FCC makes first strikes against anti-muni broadband state laws

Warming up for its vote on Federal Communications Commission (FCC) Chairman Thomas Wheeler's Net Neutrality proposals, FCC commissioners first voted 3-2 in favor of petitions from EPB in Chattanooga, TN, and the City of Wilson, NC, to strike down laws in their states that prevented them from extending their fiber to the home (FTTH) based broadband service offerings beyond city limits.

Warming up for its vote on Federal Communications Commission (FCC) Chairman Thomas Wheeler's Net Neutrality proposals, FCC commissioners first voted 3-2 in favor of petitions from EPB in Chattanooga, TN, and the City of Wilson, NC, to strike down laws in their states that prevented them from extending their fiber to the home (FTTH) based broadband service offerings beyond city limits.

The vote, along party lines with the Democratic majority in favor, was not considered a surprise, given Chairman Wheeler's pro-competition, pro-muni stance (see "FCC Chairman Wheeler pledges support for municipal broadband network efforts"). The vote also aligns with statements President Barack Obama made on the subject (see "President Obama backs municipal broadband efforts").

The FCC stated that it has the right to preempt the state laws based on what it perceives as a conflict between those laws and Section 706 of the Telecommunications Act of 1996, which directs the Commission to remove barriers to broadband investment and competition. Whether those states will take the FCC to court to combat this assertion – or whether Congress will act along parallel lines – remains unclear. Also unclear is how quickly municipalities from the 17 other states that restrict muni broadband will file similar petitions with the Commission.

EPB was one of the early providers of 1-Gbps fiber-optic broadband in the United States (see "EPB Fiber Optics offers 1 Gigabit broadband in Chattanooga via GPON"). The City of Wilson has been offering services via its Greenlight FTTH network since at least 2008 and also offers 1-Gbps broadband.

Under the Tennessee law, electrical utility EPB could offer telecommunications services anywhere in the state, but could only provide Internet and cable services within the electrical system footprint. In North Carolina, the FCC cited what it called "numerous conditions that effectively precluded Wilson from expanding broadband into neighboring counties, even if requested."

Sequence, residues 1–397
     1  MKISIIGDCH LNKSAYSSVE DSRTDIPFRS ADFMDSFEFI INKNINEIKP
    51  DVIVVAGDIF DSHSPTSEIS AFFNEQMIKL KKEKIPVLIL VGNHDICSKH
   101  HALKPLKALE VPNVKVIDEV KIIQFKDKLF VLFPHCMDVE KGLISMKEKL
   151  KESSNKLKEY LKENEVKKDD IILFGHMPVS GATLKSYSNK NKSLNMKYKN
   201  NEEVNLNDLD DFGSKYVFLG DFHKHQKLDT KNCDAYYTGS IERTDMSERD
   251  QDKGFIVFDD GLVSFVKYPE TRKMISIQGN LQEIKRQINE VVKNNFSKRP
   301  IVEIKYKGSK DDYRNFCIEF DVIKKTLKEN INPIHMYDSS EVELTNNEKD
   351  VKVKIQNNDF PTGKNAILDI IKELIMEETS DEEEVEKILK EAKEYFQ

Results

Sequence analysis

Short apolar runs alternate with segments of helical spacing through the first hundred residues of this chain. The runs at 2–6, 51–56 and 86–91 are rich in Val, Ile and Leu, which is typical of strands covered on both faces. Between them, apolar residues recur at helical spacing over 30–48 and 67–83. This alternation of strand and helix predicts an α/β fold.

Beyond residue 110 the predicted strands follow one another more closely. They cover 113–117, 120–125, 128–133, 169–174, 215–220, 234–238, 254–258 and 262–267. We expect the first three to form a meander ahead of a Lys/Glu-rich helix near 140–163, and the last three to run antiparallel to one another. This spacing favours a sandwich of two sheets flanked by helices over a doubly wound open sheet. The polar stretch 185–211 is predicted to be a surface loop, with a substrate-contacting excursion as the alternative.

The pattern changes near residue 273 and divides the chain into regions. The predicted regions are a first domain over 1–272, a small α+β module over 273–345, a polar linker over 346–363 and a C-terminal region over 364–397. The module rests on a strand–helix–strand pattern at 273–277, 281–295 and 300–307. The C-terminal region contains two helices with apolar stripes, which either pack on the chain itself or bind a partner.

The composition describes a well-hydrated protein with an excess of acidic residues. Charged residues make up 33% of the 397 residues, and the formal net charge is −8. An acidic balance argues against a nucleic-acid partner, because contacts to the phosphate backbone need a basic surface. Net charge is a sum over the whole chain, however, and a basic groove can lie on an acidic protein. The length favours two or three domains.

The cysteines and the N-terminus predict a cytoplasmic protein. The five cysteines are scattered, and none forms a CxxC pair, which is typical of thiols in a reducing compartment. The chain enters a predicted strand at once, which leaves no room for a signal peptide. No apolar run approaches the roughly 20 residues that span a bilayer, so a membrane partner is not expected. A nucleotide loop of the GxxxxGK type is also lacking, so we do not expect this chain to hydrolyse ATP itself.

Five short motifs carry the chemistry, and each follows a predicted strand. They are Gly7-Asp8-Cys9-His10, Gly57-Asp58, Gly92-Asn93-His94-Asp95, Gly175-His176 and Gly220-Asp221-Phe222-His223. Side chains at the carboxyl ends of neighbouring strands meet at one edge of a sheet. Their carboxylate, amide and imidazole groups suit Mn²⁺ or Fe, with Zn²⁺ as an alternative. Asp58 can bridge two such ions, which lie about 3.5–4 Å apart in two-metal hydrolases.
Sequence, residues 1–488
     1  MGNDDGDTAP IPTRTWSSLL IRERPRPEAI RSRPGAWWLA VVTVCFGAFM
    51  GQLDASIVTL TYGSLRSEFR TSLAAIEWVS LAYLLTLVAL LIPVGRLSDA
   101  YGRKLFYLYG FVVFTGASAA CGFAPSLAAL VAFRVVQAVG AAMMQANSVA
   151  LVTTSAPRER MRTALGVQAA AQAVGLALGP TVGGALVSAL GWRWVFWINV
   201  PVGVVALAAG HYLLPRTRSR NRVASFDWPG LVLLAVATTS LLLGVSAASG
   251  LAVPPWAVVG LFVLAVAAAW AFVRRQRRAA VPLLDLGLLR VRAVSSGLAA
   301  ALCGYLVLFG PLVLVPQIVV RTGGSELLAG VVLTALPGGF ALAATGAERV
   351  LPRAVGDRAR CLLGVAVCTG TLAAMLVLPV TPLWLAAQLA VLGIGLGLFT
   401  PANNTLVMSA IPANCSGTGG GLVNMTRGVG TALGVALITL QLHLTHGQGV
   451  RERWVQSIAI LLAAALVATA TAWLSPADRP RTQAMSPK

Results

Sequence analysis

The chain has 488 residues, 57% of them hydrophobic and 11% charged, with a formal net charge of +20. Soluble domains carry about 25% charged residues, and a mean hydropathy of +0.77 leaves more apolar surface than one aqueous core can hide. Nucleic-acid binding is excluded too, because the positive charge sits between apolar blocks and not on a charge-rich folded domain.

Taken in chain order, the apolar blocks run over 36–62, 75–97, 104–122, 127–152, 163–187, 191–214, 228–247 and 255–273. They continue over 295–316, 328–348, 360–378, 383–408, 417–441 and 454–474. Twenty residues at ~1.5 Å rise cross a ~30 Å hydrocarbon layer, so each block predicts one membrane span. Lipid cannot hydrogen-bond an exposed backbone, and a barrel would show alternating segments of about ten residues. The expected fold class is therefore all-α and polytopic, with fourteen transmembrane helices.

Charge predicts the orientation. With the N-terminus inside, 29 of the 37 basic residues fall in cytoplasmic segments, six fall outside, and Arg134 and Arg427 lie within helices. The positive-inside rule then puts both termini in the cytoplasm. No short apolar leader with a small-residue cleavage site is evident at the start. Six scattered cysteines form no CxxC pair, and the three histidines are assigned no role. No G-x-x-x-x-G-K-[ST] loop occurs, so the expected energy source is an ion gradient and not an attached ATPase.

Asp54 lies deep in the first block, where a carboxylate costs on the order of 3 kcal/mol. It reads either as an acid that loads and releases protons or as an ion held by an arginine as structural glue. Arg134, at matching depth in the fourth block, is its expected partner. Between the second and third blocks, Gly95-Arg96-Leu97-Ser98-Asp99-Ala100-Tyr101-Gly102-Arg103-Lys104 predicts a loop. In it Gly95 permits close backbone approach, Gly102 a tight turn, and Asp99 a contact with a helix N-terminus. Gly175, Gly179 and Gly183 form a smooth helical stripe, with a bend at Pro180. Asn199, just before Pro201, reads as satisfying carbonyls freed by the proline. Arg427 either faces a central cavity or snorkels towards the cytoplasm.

Backers of the fiber-optic broadband service providers quickly hailed the vote.

"The FTTH Council applauds the FCC for taking this step to further enable deployment of fiber to the home. Communities are hungry for bandwidth — for their economies, healthcare, education and quality of life. Citizens should be able to use all available assets to encourage all entities — ILECs, CLECs, utilities and municipalities— to deploy leading edge, future proof networks," stated Heather Burnett-Gold, FTTH Council Americas president. "Bandwidth should not be a barrier to innovation, nor outdated regulation a barrier to investment."

"This is an important moment for communities in North Carolina, Tennessee, and other states that have barriers to local investments in advanced communications networks," commented Jim Baller of Baller Herbst Stokes & Lide, PC, who was the petitioners' lead counsel. "Not only has the Commission confirmed that it has authority to remove such barriers, but it has also made clear that local Internet choice is critically important to the vitality of our communities and to America's global competitiveness."

TIA CEO Scott Belcher added, "TIA applauds the FCC for giving municipalities the flexibility to pursue network solutions that allow affordable and high-quality broadband to be made available to all Americans. Municipalities should be able to assure local access to high-speed connectivity, especially in locations where private-sector alternatives are not available. High-speed Internet offers tremendous social and economic benefits, and today's action will help municipalities pursue needed broadband solutions and shrink the digital divide."

Meanwhile, Wilson city fathers say they don't have spools of fiber at the ready. "Wilson filed this petition not with immediate plans to expand into its rural neighboring communities, but to facilitate the future advancement of its critical gigabit fiber-optic infrastructure over the long term," read a statement from the city in response to the FCC vote. "Going forward, the City will continue to expand its gigabit network in the same measured and responsible manner it has utilized in the past, as opportunities and resources allow. The FCC's decision will also permit the City to share its experience, knowledge and expertise with other communities to help foster the growth of critical economic infrastructure for their businesses and residents."

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